Chat: Sekai No Owari | Anti-Heroes Of The Apocalypse

Chat: Sekai No Owari | Anti-Heroes Of The Apocalypse

Apocalyptic musings are often associated with lost love (think Skeeter Davis or The Cure), but Japanese pop-rock group Sekai No Owari — literally “the end of the world” — takes on the doomsday catastrophe with a whole different ball of wax. While vocalist Fukase cites the musical project as a way out from darker times after being hospitalised for a temporary illness, it seems that the band’s sound has expanded beyond that, displaying a visceral collision of upbeat electronic, dance and pop influences. Besides collaborations with Owl City and Nicky Romero, the quartet worked on tracks for the live action flick Attack on Titan, ushering them into an age of global perusal. Though few Asian artistes have successfully dominated musical stages worldwide, it is evident (from YouTube hits to chart-topping sales) that these four are poised for a supermassive global takedown.

 

 

Bringing their all-encompassing passion and flair to the region, we caught up with the band midway through their recordings with Spotify Sessions in Asia, following the footsteps of previous international acts like Hunter Haynes and Yuna. Though the language barrier saw some conversation points lost in translation, Sekai No Owari exhibited their commitment to speaking in English despite the presence of a translator, ultimately telling of their eagerness to connect with audiences beyond the Japanese variety. The recording session will be released exclusively sometime next year, and will see the band taking different renditions to their well-known hits. Those who are unaware of this eccentric outfit might want to get a headstart, lest you get swept off your feet.

 

Most band members don’t live together like you guys do; does that help the creative process or improve the chemistry of the crew when it comes to making music?

Fukase: Of course! We always share the same memories and emotions, and we also get to make music together in our kitchen or living room. This is a sort of ‘strange’ style that allows us to discuss our music whenever we want.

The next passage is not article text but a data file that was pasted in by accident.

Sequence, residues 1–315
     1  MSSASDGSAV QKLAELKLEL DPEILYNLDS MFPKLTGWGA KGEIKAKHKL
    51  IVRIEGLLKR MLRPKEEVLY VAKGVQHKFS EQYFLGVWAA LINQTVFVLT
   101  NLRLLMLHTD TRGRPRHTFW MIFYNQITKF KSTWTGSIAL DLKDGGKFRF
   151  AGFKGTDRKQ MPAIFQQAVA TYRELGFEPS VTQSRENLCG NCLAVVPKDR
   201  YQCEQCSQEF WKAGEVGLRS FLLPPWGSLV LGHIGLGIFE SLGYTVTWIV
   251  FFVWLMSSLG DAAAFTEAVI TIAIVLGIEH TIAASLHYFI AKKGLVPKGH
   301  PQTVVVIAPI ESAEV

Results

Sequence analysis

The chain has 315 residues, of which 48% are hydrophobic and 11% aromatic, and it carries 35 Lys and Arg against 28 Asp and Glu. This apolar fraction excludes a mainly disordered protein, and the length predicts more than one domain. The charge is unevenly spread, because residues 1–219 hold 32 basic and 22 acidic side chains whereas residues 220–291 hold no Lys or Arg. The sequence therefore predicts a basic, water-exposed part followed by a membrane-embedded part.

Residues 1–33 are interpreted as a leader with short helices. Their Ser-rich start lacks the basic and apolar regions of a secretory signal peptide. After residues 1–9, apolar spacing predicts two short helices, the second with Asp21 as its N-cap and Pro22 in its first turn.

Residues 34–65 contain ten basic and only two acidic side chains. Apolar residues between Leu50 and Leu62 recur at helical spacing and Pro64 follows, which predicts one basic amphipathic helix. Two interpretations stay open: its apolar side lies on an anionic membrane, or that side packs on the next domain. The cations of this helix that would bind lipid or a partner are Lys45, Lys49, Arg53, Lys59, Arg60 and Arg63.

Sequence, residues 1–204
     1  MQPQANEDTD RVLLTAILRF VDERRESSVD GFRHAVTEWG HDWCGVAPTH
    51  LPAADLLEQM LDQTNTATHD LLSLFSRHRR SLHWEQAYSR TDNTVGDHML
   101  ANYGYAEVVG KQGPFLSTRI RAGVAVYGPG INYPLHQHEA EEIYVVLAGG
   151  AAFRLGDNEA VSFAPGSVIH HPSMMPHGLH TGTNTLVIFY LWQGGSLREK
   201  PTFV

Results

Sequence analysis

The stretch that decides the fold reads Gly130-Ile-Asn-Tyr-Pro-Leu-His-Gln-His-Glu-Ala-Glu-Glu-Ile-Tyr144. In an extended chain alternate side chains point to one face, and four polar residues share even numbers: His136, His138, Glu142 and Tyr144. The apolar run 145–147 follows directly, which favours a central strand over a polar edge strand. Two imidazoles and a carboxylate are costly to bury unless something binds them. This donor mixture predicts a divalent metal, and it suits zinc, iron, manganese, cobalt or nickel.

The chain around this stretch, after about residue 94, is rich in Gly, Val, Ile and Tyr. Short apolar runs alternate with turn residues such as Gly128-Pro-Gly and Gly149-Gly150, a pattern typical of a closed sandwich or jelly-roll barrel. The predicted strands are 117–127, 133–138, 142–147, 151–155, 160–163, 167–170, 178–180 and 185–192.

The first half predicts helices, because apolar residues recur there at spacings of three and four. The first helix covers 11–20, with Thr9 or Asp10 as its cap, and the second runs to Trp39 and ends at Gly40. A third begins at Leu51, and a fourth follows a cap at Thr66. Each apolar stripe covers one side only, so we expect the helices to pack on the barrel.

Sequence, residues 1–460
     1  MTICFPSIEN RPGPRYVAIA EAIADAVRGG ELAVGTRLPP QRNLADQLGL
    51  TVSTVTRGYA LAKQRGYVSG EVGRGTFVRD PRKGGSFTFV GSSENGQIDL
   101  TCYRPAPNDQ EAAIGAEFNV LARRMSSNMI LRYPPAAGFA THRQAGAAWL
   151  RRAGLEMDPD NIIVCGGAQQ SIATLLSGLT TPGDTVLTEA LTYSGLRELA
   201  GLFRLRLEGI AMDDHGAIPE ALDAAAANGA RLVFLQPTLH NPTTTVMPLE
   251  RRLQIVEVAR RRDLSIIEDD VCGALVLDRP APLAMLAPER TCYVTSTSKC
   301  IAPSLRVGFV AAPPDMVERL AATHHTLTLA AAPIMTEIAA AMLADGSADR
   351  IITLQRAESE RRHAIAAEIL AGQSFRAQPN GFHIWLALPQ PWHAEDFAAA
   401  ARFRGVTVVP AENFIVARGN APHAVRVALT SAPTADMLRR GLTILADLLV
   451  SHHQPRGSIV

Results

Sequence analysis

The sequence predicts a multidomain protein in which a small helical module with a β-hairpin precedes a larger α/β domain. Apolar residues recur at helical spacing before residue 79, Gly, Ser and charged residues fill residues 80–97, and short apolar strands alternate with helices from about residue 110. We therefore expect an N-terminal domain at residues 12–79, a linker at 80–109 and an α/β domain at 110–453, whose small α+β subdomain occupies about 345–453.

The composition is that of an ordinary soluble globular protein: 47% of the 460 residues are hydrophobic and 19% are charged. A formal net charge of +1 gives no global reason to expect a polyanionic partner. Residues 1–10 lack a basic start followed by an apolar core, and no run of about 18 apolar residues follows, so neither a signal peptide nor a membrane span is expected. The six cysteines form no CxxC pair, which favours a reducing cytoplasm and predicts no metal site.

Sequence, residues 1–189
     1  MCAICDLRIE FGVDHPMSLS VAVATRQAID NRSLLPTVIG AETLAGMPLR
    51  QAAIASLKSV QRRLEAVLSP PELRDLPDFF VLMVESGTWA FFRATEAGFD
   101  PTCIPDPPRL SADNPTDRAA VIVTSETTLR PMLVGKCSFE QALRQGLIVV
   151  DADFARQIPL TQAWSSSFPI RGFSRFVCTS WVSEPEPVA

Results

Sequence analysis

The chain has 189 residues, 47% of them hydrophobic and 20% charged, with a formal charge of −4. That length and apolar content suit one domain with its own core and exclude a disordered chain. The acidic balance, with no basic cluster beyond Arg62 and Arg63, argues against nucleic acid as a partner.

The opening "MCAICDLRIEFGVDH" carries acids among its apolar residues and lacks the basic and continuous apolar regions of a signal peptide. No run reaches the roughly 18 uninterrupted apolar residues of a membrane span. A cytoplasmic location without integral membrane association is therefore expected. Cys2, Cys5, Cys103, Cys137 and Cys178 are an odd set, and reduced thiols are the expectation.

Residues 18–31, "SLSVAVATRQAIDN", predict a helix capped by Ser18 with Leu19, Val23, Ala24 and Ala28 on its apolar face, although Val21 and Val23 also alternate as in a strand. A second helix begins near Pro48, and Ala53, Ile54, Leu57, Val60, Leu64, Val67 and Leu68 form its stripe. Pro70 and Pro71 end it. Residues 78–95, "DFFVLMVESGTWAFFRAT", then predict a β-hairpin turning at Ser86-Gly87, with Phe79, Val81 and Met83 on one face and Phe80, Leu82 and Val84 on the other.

You guys draw from a lot of narratives and themes in your tracks — "SOS" is about how an old man would view the end of the world. Is this the method you guys take when creating music?

Fukase: Well sometimes it just comes from our imaginations, but the bulk of it is from our memories and experiences. We also believethat we create music when we discuss and talk about our experiences and things that happened to us. But we mostly draw from anything really.

 

"Although many Japanese artistes are going global, they sing their songs in Japanese. But I feel it's starting to change...Therefore, we feel that it'd be great to collaborate with other artistes and expand out of J-pop."

 

Why do you think your popularity as a band grew so quickly in the past when you guys first started, and also right now in the world?

Nakajin: We don’t think our popularity grew quickly; it’s not too fast is it? We started to build up our own live music house when I was 19, and it was only after five years that we debuted as a group. It’s not too fast.

 

Do you think that the world has a narrow view of what Japanese music is – perhaps they only know of J-pop or J-rock – and would the band like to change that perspective if so?

Fukase: Until recently, a lot of Japanese artistes didn’t think they’d be successful outside Japan. Although many Japanese artistes are going global, they sing their songs in Japanese. But I feel it’s starting to change; a lot of groups are beginning to sing in English. Therefore, we feel that it’d be great to collaborate with other artistes and expand out of J-pop. Also, it could be because many people outside Japan see J-pop as music only for Japanese people.

 

Are there any musicians, from Japan or around the world, that influence the way you guys sound, more recently in Tree?

Saori: I love classical music, like Chopin, Beethoven, and Bach.

Nakajin: I have loved video game music ever since I was a child; I am always so impressedby it. Likethe music of Nintendo for example.

DJ Love: I love punk music and songs that remind me of my adolescence.

Fukase: I love rap music because I’m not a rapper and I respect them, like Eminem.

 

Do you guys prefer singing in English or Japanese, and can we expect a full album in English?

Saori: Well, it is different, they’re both interesting and fun to make, but now we are making music in English so as of now it’s more fun for us. And yes, you can definitely expect an English album!

 

 

If you guys can only take one album with you till the end of the world, which album would it be?

All: Whoa, we didn’t expect that question to come out. It’s hard to choose, maybe Daft Punk’s Discovery and Americana by The Offspring.

 

How do you think Sekai No Owari will be received by the people here, after all Singaporeans can get a little crazy about Japanese artistry.

Saori: What do you think?

 

We think you guys would be received very well over here.

[Laughs] Thank You!

 

Listen to Sekai No Owari's Spotify Session recorded live at Yellow Box Studios, Singapore below.

 

 

Text Austen Choo

Images Various Sources

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